Fetch v. t. [imp. & p. p. Fetched 2; p. pr. & vb. n.. Fetching.]
1. To bear toward the person speaking, or the person or thing from whose point of view the action is contemplated; to go and bring; to get.
Time will run back and fetch the age of gold. --Milton.
He called to her, and said, Fetch me, I pray thee, a little water in a vessel, that I may drink. And as she was going to fetch it he called to her, and said, Bring me, I pray thee, a morsel of bread in thine hand. --1 Kings xvii. 11, 12.
2. To obtain as price or equivalent; to sell for.
Our native horses were held in small esteem, and fetched low prices. --Macaulay.
3. To recall from a swoon; to revive; -- sometimes with to; as, to fetch a man to.
Fetching men again when they swoon. --Bacon.
4. To reduce; to throw.
The sudden trip in wrestling that fetches a man to the ground. --South.
5. To bring to accomplishment; to achieve; to make; to perform, with certain objects; as, to fetch a compass; to fetch a leap; to fetch a sigh.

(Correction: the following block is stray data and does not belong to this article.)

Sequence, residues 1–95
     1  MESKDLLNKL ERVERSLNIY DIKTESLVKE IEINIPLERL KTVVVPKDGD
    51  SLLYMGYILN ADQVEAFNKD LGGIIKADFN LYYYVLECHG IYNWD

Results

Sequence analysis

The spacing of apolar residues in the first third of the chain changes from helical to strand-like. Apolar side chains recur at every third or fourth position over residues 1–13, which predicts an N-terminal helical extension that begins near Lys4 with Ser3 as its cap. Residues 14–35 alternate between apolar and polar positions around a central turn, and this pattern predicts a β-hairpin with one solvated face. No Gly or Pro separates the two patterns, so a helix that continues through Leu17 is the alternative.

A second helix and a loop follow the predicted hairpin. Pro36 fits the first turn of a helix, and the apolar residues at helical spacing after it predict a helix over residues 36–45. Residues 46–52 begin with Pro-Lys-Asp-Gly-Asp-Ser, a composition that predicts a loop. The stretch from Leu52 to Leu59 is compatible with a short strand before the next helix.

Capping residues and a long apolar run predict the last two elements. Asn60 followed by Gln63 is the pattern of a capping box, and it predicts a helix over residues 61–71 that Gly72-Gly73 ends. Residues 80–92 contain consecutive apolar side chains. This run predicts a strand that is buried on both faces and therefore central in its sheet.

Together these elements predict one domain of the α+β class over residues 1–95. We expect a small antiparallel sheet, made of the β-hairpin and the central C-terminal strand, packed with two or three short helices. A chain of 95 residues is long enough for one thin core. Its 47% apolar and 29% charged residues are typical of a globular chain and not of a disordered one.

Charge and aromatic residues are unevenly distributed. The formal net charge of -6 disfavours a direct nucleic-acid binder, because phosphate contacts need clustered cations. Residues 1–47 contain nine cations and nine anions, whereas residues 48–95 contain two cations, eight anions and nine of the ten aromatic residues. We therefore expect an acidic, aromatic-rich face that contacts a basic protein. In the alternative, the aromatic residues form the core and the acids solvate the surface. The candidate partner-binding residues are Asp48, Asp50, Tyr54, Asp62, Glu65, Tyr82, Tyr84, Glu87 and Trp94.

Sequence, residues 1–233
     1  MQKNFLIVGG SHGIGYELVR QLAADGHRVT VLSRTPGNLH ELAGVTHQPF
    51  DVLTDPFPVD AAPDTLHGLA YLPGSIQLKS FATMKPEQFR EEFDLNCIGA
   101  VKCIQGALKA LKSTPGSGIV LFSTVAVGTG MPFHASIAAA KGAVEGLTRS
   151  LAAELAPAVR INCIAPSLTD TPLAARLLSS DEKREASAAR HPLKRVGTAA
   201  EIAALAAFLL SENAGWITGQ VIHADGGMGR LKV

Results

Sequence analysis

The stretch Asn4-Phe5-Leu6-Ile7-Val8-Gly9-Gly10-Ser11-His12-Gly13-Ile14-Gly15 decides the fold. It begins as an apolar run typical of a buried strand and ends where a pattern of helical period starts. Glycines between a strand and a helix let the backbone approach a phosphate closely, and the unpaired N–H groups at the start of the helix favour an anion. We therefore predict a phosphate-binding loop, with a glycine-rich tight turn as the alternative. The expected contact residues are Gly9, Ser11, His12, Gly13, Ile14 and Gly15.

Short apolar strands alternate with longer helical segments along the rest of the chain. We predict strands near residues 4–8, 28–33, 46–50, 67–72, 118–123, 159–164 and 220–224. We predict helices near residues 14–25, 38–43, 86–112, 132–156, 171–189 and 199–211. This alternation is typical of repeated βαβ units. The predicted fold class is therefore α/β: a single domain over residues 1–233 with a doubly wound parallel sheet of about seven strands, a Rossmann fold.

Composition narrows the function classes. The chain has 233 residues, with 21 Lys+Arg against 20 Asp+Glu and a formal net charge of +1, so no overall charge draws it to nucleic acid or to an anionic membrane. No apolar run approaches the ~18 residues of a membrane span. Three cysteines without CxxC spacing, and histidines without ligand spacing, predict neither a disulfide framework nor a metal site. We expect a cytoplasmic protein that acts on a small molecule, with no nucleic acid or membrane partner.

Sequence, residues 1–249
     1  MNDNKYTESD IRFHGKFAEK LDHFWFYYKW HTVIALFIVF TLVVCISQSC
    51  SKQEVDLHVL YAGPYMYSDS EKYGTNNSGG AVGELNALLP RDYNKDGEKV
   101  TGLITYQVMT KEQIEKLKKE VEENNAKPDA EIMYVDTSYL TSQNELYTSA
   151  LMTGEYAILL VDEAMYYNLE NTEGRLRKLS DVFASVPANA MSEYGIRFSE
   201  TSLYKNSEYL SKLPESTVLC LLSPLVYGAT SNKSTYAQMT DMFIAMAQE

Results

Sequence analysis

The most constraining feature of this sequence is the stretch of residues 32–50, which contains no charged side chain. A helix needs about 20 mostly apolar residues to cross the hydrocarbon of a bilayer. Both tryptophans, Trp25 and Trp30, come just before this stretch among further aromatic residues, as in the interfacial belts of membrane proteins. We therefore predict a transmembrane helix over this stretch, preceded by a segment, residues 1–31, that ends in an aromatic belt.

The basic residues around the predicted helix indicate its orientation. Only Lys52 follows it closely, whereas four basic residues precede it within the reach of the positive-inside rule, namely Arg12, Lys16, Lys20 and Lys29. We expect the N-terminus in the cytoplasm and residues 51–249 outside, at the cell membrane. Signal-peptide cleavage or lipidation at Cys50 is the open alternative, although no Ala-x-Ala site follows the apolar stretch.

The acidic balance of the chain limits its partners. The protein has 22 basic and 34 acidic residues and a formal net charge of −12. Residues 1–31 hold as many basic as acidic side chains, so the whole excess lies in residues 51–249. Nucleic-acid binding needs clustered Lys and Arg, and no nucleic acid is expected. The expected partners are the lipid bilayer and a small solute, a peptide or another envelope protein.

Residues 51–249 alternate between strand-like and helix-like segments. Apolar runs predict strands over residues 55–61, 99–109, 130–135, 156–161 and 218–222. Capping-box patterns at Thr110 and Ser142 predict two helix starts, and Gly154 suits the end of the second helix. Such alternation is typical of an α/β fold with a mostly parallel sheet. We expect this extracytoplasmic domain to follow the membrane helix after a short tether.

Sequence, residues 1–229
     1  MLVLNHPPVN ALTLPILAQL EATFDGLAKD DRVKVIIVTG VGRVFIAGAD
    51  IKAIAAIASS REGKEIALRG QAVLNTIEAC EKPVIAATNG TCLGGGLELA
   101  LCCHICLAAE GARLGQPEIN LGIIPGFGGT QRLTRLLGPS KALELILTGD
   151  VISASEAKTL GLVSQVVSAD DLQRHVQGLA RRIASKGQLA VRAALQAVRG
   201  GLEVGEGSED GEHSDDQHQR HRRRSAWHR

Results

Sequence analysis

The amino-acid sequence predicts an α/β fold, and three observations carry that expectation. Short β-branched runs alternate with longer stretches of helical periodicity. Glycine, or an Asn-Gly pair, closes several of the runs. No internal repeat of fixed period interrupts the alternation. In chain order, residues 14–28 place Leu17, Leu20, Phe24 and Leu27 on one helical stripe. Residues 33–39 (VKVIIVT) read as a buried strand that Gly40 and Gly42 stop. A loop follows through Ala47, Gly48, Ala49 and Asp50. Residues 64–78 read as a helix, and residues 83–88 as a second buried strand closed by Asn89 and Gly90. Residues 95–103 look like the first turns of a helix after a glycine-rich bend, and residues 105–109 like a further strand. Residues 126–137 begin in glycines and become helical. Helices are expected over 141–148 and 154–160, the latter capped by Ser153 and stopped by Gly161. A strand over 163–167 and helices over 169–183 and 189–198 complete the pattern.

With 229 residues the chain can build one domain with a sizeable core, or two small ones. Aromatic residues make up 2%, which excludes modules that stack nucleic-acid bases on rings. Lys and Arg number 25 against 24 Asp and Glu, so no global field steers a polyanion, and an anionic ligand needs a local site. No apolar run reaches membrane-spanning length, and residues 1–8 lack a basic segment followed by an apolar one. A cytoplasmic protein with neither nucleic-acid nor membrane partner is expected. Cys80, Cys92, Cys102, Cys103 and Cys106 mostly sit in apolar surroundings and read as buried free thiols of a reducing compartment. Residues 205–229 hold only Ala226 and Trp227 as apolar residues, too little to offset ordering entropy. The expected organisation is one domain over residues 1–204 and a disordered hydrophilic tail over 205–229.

I'll fetch a turn about the garden. --Shak.
He fetches his blow quick and sure. --South.
6. To bring or get within reach by going; to reach; to arrive at; to attain; to reach by sailing.
Meantine flew our ships, and straight we fetched
The siren's isle. --Chapman.
7. To cause to come; to bring to a particular state.
They could n't fetch the butter in the churn. --W. Barnes.
To fetch a compass Naut., to make a circuit; to take a circuitous route going to a place.
To fetch a pump, to make it draw water by pouring water into the top and working the handle.
To fetch headway or To fetch sternway Naut., to move ahead or astern.
To fetch out, to develop. “The skill of the polisher fetches out the colors [of marble]” --Addison.
To fetch up. (a) To overtake. [Obs.] “Says [the hare], I can fetch up the tortoise when I please.” --L'Estrange. (b) To stop suddenly.